New research shows the impact of the bitcoin explosion last year on the overall amount of cryptocurrency linked to illegal activity. Cybercriminals’ crypto assets grew from $3 billion at the end of 2017 to $11 billion by the end of 2021, according to a new analysis. An increase in unlawful cybercrime income, as well as an increase in the value of cryptocurrencies, are both associated with the precipitous surge.
The most profitable crime was theft
Chainalysis, a blockchain data firm located in the United States, published the information in a study. The Verge first uncovered the research, which found that stealing or theft was the most lucrative crime. A total of $9.8 billion was taken from digital wallets as a result of criminal operations.
The overall criminal activity-related money amounted to 93% of the entire sum. Scams accounted for $192 million of the remaining $448 million in darknet market money. There were $66 million in fraudulent transactions and $30 million in ransomware-related losses.
Chainalysis also states in a blog post about the results that a total of 4,068 criminal whales have over $25 billion in cryptocurrencies, obtained from a variety of illegal sources. It’s strange because the amount doesn’t equal the perpetrators’ entire crypto assets in 2021, as previously stated.
Then then, Chainalysis characterises illicit whale accounts in a different way. A bitcoin whale is a person or entity with a personal digital asset portfolio worth more than $1 million. If a whale account receives more than 10% of its money from unlawful addresses, Chainalysis qualifies it as a criminal whale. Consequently, the criminal whales’ $25 million in crypto assets are not equal to the $11 billion in criminal balance that will exist in 2021.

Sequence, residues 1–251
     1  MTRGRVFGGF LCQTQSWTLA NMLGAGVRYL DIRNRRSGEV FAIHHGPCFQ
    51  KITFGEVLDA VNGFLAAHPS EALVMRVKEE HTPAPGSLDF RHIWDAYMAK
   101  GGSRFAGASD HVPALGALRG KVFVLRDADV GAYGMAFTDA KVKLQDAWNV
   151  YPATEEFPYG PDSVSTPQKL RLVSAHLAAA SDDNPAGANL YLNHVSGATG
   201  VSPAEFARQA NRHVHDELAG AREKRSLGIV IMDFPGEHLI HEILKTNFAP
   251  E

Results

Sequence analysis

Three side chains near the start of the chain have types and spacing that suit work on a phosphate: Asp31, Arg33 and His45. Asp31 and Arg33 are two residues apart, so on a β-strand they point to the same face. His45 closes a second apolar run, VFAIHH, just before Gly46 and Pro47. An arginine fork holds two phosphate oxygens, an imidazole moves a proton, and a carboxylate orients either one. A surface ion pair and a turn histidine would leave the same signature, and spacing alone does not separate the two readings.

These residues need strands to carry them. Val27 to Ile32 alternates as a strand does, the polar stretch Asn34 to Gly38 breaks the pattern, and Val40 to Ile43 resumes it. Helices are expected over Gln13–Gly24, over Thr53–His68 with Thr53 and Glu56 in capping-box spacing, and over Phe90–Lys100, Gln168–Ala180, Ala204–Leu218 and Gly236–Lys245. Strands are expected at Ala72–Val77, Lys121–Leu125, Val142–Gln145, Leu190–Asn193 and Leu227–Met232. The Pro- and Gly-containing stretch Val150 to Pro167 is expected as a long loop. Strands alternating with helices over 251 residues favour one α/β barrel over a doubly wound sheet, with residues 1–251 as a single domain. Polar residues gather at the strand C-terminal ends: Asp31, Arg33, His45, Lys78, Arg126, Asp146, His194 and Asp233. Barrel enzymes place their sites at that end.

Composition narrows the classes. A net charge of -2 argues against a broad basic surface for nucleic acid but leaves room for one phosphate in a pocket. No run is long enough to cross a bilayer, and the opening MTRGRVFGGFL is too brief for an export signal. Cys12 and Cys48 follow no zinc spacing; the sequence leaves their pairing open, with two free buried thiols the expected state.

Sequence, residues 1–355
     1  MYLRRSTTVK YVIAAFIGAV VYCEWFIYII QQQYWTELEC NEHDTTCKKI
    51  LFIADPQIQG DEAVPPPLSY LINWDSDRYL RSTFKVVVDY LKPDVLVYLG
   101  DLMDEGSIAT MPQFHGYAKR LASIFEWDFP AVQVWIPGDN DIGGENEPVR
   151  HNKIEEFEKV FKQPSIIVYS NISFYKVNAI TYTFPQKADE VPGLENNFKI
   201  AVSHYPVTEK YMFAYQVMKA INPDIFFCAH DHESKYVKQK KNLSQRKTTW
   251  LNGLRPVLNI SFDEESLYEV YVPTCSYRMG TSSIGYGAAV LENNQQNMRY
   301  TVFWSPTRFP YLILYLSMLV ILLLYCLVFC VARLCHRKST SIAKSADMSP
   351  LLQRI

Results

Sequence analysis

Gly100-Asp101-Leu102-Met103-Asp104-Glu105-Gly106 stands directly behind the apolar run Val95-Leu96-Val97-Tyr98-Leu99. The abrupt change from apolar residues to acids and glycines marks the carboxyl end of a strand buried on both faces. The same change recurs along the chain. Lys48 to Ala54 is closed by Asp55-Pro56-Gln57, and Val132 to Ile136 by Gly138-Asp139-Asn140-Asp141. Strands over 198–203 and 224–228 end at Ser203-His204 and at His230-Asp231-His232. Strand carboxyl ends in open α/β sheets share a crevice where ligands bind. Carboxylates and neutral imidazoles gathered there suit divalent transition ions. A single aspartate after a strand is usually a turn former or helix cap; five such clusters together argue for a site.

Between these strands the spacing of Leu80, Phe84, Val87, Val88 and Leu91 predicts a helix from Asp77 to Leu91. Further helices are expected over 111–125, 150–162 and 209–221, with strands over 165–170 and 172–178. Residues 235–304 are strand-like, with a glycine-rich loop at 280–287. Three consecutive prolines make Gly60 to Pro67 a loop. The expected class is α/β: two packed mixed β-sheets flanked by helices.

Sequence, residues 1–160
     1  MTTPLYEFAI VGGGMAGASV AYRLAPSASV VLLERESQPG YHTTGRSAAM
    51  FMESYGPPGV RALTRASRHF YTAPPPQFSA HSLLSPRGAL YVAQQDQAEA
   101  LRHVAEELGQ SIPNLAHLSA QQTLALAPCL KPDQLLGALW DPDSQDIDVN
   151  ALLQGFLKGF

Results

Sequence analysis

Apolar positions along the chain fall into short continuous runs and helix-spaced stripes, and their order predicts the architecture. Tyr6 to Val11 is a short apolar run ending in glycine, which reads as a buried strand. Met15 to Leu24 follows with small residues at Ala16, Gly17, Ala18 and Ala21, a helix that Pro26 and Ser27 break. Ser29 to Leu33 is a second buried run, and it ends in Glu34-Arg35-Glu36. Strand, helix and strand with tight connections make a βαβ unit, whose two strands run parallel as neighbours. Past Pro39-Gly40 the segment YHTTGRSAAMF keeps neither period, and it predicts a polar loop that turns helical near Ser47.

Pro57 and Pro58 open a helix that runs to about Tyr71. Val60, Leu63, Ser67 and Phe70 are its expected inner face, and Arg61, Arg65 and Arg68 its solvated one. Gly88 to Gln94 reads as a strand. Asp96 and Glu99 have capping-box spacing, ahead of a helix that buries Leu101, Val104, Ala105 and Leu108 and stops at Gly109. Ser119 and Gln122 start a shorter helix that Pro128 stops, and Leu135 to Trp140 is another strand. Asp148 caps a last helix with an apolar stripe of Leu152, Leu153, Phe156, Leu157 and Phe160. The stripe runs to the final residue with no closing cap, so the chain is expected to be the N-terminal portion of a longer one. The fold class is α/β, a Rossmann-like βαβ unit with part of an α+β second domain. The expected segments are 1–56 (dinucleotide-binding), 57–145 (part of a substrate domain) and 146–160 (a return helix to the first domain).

Ransomware operators lost their money
Another significant pattern was shown by the study. This year, crooks were trying to liquidate their ill-gotten gains more quickly than in the previous year. At least 75 per cent of all categories, the research states, “average holding periods are at least 75 per cent less than the all-time statistics.” Most ransomware operators, for example, lost all their money within 65 days on average.
Global law enforcement organisations may be to blame for a drop in detention duration, according to research cited in the paper Recently, a number of similar cases have come to light. Bitfinex’s theft in 2016 led to the recovery of $3.6 billion in bitcoin by the US Department of Justice recently. As part of its investigation into an alleged VAT fraud scheme worth £1.4 million, the UK tax authorities confiscated three NFTs earlier this week.
It is now evident that cryptocurrencies are no longer a safe refuge for fraudsters. However, when compared to alternative asset possibilities, they continue to show a rising preference for it. It is yet to be seen if law enforcement forces can keep up with the rapid increase of the population.